The Washington legislature is considering Senate Bill 6027– A bill to increase funding for The Motion Picture Competitiveness Program. This is a big ask for our industry. We’re literally asking the state to double-down on its investment in building a film industry here by raising the current cap on productions a little each year until 2022.
If it passes, Washington can remain a player in the location shooting business. We’ll remain small but growing. (Compare this with the massive $330 million annual incentive California just passed.) If not, we’ll have to keep turning away tens of millions of dollars in productions that would like to spend their money on Washington casts, crews, locations, and vendors and in short time the films, TV series, and commercials that have been filming in the state will go to states with incentives to offer. If you are in the business of film in Washington, this should be an important issue to you.
Our small but mighty lobbying team has set up a day for people from the state to meet with our legislators in Olympia and show them that not only is this important to us, but it’s important to A LOT of us. “WA Film Day” is March 17th.
I’ve heard from some colleagues that they want to go but find the idea of talking to their legislators somewhat intimidating. This is natural if you haven’t done it before (and a little quaint once you have because it’s super low key). So I thought I’d share my experience of the nuts and bolts of going to WA Film Day to demystify it a bit. (continue reading…)
I’ve spent so much time lately writing about movie matters like VOD that I haven’t written about why movies matter. Which is a shame, because they do matter—in fact, they matter more than ever.
On almost every film and video project I work on, actors ask me to get clips of their work for their reels. Actors are wise to constantly update their reels—or at least have the material on hand. However, it seems like there is a lot of misunderstanding on both sides about when and how clips can be provided. So I thought it might help actors and producers to clarify this. Also, I do have a secret way to pretty much ensure you’ll get all the clips you reasonably need.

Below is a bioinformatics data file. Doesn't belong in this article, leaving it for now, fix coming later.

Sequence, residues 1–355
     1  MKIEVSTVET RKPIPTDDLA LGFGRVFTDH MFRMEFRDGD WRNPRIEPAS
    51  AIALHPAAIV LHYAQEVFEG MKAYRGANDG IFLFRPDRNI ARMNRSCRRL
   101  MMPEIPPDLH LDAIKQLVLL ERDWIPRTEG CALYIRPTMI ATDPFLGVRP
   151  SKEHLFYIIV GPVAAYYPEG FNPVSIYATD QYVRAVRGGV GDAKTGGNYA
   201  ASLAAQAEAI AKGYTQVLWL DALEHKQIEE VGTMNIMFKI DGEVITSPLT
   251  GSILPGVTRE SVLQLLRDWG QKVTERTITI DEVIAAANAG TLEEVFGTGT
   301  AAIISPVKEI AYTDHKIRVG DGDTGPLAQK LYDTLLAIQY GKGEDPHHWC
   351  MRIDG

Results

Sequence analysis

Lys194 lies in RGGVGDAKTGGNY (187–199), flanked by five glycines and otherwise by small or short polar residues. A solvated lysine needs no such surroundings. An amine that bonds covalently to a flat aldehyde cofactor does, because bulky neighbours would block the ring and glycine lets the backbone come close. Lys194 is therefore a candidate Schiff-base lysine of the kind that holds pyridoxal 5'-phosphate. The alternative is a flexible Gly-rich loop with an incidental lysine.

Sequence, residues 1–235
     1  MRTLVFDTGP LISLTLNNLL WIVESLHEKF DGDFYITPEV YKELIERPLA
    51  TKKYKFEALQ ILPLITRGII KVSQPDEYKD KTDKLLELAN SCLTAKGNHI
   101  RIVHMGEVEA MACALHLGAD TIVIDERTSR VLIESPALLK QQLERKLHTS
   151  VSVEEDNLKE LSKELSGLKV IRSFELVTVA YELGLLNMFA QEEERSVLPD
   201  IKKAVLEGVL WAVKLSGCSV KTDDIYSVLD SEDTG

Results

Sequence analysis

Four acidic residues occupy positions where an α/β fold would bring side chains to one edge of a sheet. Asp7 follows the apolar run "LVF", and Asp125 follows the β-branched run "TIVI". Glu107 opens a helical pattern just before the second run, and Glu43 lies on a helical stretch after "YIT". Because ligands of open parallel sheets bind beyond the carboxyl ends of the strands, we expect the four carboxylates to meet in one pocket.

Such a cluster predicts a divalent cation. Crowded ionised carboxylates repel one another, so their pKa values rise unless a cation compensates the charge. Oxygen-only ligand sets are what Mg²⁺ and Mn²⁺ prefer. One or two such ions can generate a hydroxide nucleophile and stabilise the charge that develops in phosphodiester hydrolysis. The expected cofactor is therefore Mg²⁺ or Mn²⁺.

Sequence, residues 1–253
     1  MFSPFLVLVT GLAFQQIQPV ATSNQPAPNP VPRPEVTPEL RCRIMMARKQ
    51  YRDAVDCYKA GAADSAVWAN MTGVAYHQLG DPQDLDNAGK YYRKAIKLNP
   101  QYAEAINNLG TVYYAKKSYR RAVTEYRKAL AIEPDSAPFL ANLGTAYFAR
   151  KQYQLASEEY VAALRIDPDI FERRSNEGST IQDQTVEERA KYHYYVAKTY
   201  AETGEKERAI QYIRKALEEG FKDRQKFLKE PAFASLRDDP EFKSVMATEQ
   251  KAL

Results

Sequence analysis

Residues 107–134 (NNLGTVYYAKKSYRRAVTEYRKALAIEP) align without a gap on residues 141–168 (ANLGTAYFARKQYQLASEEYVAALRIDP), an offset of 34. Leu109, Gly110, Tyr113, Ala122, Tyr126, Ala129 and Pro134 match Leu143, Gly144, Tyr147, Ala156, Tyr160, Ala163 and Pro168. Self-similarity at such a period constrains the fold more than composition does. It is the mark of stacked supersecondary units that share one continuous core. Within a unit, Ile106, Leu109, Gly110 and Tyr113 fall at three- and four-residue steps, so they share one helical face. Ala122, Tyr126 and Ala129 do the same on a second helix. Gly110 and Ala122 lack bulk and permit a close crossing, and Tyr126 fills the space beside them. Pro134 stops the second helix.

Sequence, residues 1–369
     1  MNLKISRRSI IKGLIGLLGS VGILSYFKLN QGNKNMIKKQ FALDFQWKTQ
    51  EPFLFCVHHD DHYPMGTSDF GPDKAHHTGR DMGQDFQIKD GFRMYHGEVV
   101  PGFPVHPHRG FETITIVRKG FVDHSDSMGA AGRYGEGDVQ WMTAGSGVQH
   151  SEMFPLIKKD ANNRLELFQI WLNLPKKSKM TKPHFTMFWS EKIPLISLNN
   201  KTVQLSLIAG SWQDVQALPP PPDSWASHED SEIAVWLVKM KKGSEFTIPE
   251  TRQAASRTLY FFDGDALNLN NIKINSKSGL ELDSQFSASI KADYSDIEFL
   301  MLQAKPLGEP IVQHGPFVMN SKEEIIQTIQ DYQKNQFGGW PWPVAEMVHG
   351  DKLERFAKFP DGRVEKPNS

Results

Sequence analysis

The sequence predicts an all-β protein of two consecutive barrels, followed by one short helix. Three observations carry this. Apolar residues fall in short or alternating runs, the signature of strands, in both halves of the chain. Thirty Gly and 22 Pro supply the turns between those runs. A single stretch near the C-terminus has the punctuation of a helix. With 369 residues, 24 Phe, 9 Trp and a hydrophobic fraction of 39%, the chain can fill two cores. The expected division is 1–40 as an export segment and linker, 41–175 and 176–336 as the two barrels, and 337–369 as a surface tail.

Hey there, faithful reader(s). I will be back soon with some posts I’m working on. Namely continuing both the VOD Options for Independent Films and Series article and the Open Source Short Film Business Model piece. There’s actually quite a bit of crossover between these two because the VOD is an important piece of the puzzle for the short film biz model. I’m planning to run a pretty extensive and transparent look at specifics of the VOD options as I put my short film strategy into place. Then I’ll expand on what I’m doing in the short film world and I’ll be releasing more films.
But… it’s going to be a little longer that I’d planned before I can bring these out. I’m releasing new episodes of DIVERGENCE now. After a long-ish delay, Season 1: Episodes 7-11 are now becoming available each week. AND we’re migrating to a new platform as we’ve joined the incredible Zombie Orpheus Entertainment Network to expand our audience. So I’m definitely going to be talking about that as well over the next few weeks. And of course, it’s the summer salad days for those of us in video production—which means you really only have time to scarf down a quick salad and then it’s back to work on all the projects you need to shoot.
So bear with me a minute. I have some great stuff coming your way.
Well, it’s late May in Seattle, and that means it’s time for the Seattle International Film Festival. And that means you can come hear me talk about filmmaking type stuff.
I’ll be speaking on two panels this year—the short film panel and a panel on web series and such. Come on down. It’ll be like the blog, but with that extra uncensored live-event goodness, I try to shake these panels up, so it should be a good ol’ time. I’m bound and determined to make the Short Film panel very different from those I’ve been on before thanks to my Open Source Short Film Business Plan that I’ll be happy to discuss if anyone is interested.
Here’s the deets:
Friday, May 24, 2013 4:30P-6:00P SIFF Film Center
Come hear me talk about short films and what to do with them with filmmaker pals Lindy & Kris Boustedt and moderator Chris Hammersly. Tall filmmakers also welcome. Drinking optional but encouraged.
Saturday, June 1 10:30A-noon SIFF Film Center
I’ll be chatting with Darlene Sellers (Chop Socky Boom), Matt Vancil (Journey Quest), Vanessa Driveness, and Amy Lillard, moderated by Zombie Orpheus Entertainment’s Tony Becerra. That’s a pretty awesome representation of Seattle’s mighty web series machine. I’ll probably learn more than I teach. (This is not a happy hour event, so any drinking should be done ahead of time.)